Cigarette smoking and heavy alcohol drinking are both related to an increased risk of death. A study from Scotland found that smokers who drank 15 or more units of alcohol per week were at highest risk of death, particularly because these heaviest drinkers were more likely to smoke more than people who drank less.
Smoking had stronger effects than alcohol for most of the causes of early death investigated, including coronary heart disease, stroke and cancer. Blood pressure and body mass index (BMI) generally increased with alcohol consumption, but decreased with smoking, with those who had never smoked but who drank 15 or more units per week having the highest blood pressures and BMIs.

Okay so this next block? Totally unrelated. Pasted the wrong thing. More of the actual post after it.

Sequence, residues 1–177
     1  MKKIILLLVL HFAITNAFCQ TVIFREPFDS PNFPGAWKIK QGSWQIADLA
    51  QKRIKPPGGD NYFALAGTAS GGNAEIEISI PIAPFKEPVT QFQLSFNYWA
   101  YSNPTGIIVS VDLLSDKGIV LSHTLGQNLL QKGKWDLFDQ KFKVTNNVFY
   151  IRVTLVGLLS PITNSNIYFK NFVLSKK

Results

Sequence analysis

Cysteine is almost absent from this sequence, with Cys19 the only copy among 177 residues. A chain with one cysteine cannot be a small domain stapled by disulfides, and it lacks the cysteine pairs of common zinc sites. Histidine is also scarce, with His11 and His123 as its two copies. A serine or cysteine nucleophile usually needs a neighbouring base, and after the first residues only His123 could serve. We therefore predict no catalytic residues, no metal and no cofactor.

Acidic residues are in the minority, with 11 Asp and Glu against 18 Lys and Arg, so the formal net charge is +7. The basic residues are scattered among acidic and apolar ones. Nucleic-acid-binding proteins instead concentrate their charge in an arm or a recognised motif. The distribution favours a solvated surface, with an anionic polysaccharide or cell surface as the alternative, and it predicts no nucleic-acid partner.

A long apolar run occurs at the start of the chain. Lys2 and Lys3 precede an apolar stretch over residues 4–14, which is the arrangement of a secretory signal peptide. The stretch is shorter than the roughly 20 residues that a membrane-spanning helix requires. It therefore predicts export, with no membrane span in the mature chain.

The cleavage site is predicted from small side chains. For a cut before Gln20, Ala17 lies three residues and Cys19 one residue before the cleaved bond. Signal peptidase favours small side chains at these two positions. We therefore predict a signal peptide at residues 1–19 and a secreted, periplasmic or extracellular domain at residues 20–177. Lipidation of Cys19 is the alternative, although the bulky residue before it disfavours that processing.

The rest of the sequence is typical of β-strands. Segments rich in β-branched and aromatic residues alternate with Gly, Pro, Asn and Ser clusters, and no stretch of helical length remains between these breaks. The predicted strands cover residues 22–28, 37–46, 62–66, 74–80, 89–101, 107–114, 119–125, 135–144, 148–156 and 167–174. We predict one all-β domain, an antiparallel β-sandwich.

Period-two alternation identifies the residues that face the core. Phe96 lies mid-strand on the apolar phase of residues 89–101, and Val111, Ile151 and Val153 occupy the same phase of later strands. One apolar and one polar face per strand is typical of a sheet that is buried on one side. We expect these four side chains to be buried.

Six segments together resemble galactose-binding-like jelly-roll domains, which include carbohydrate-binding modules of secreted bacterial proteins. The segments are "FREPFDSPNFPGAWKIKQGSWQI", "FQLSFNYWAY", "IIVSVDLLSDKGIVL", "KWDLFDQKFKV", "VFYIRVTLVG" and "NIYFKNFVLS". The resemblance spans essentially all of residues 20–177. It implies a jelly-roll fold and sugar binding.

A person’s socioeconomic position and level of education were strongly related to both alcohol consumption and smoking. For example, 30 percent of men who worked in manual jobs were both smokers and heavy drinkers compared with only 13 percent of men in other jobs. “Given the increased mortality rates associated with both smoking and heavy drinking, this will inevitably contribute to socioeconomic health inequalities,” researchers said.
These findings reinforce the importance of continuing to prioritize smoking cessation. “Given the strong links between smoking and heavy drinking, it may also be helpful to devise policies aimed at reducing both smoking and alcohol consumption in population groups where this is common,” the study concluded.
1. Hart CL, Smith GD, Gruer L, Watt GCM. The combined effect of smoking tobacco and drinking alcohol on cause-specific mortality: a 30-year cohort study. BMC Public Health 2010; 10: 789. (open access)